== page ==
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I guess it answers that age-old question "If a comet sings in deep space and no one is around to hear it, does it make a sound?"

Apparently, the answer is "yes".



posted on Nov, 11 2014 @ 08:43 PM
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Wasn't there an alleged whistle blower that said this comet had radio signals a couple of months ago?



posted on Nov, 11 2014 @ 08:44 PM
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As long as it's not singing 'The sky is falling' im cool.



posted on Nov, 11 2014 @ 08:45 PM
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a reply to: Shadoefax but if we're hearing, it kinda voids that point ?



posted on Nov, 11 2014 @ 08:45 PM
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originally posted by: Shadoefax
I guess it answers that age-old question "If a comet sings in deep space and no one is around to hear it, does it make a sound?"

Apparently, the answer is "yes".


Well to be fair we were around to hear it, so the question still stands



posted on Nov, 11 2014 @ 09:46 PM
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That sounds interesting.

I'm more interested in the raw data they used to construct that soundbite. Does anyone know where we can download the data files?


Dex



posted on Nov, 11 2014 @ 09:54 PM
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What song is it singing?

"I'm a little teapot short and stout ....."



posted on Nov, 12 2014 @ 12:10 AM
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Here is my handle, you are the spout.

Waiting...



posted on Nov, 12 2014 @ 12:38 AM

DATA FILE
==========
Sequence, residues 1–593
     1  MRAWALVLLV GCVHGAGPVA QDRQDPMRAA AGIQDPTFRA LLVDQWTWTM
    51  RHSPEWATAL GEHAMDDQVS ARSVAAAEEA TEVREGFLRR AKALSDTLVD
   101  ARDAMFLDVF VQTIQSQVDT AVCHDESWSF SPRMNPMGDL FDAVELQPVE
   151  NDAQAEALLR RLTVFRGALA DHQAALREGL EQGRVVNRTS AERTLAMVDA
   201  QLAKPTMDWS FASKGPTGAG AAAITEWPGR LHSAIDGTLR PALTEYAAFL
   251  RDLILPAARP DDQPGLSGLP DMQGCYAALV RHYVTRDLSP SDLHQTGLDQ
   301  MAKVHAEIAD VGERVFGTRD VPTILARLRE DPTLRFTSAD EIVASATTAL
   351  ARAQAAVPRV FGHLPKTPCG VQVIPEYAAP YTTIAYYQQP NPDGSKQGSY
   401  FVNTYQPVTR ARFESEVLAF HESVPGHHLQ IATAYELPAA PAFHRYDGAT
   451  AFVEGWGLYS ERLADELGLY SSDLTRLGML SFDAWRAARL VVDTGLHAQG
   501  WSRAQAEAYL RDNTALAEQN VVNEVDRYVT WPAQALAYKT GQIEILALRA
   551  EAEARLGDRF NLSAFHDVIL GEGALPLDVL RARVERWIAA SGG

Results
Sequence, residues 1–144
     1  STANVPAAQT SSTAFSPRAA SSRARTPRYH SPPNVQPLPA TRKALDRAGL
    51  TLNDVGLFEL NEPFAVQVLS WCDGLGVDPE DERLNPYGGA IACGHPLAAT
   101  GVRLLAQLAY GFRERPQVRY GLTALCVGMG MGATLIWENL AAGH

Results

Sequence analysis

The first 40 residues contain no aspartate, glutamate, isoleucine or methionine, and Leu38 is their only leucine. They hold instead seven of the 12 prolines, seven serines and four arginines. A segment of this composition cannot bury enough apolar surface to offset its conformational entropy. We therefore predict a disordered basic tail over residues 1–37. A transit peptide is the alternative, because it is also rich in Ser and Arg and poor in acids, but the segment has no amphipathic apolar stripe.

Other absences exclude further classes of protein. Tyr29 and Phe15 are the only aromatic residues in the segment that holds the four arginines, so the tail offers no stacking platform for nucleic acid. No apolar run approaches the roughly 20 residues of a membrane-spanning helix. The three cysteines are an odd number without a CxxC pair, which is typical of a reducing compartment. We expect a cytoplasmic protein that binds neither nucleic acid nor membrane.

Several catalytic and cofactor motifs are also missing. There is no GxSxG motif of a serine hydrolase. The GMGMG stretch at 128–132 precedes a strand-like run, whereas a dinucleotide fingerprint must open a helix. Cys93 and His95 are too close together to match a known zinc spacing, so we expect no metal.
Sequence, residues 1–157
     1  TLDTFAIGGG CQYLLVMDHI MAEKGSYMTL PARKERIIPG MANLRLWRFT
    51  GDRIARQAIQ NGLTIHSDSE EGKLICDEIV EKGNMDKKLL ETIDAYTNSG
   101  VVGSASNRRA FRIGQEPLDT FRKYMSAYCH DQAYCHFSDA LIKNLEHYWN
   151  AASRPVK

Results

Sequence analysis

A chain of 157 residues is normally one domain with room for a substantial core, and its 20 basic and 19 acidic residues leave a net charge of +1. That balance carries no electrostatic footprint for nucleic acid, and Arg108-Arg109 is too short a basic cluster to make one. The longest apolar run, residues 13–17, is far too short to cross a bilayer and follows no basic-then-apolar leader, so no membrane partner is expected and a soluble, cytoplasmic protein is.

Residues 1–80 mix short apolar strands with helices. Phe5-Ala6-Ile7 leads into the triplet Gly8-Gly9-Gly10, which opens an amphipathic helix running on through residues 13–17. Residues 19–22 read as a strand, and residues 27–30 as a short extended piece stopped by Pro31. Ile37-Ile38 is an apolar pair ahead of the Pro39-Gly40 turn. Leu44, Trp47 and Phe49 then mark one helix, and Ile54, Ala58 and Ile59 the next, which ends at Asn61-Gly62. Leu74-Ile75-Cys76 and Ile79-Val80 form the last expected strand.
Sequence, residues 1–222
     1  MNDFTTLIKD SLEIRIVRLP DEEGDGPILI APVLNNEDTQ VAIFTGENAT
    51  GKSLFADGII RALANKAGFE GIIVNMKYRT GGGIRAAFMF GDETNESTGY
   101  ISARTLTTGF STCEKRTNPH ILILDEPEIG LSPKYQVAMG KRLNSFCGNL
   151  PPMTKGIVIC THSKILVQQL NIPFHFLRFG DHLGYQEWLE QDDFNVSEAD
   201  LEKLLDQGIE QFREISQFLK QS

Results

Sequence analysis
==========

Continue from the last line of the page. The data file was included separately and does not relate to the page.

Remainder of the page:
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This is completely false as there is no sound in outer space.

space.about.com...



posted on Nov, 12 2014 @ 01:06 AM
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originally posted by: Nyiah
I just listened to this via a news article link, it's right up my alley for space noise. The Vela pulsar recording has competition now for my favorite space sound
here is a vocaloid song made with most of the pulsar's frequencies from the voyager probe's pulsar map:

www.youtube.com...


using data from the Voyager program plaque which basically depicts a pulsar grid used to show the way to earth I extrapolated pulsar frequencies and used those for actual audio frequency beeps to represent those pulsars. Those oscillations are mathmatically correct and corresponding to their pulsars respectively. In the song I play a long non-oscilating beep first, followed by a repeated sequence of pulsars. The long beep represents the sun which as a normal star constantly emitts radiation unlike the pulsar which gives of periodical bursts, hence the oscillation. In the middle part of the song there is a number of packaged 'blips' which are relative range indicators. The first package indicates an extreme relative range in comparrison to the other packages and shows the distance of the sun to the center of our galaxy, the other packages show the relative distance of the pulsars to our sun. Using the pulsars which can be located via their frequency and the relative ranges our solar sytem can be located by process of trilateration.
The third part of the song a stair of beeps indicates the number of large celestial bodies orbiting our sun, the third beep is corrupted to indicate that the target of the map is that particular celestial body which is earth.



posted on Nov, 12 2014 @ 10:20 AM
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a reply to: Nettlas

Could the comet be generating vibrative tones due to it having cavities and or voids coming in contact with cosmic elements that then cause friction from its speeds. And as the friction is generated from the speeds and turns of the celestial object and cosmic elements detectable vibrations are formed... Interesting OP


NAMASTE*******



posted on Nov, 13 2014 @ 06:30 AM
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Probably saying, "Ouch that hurts get those things away from me."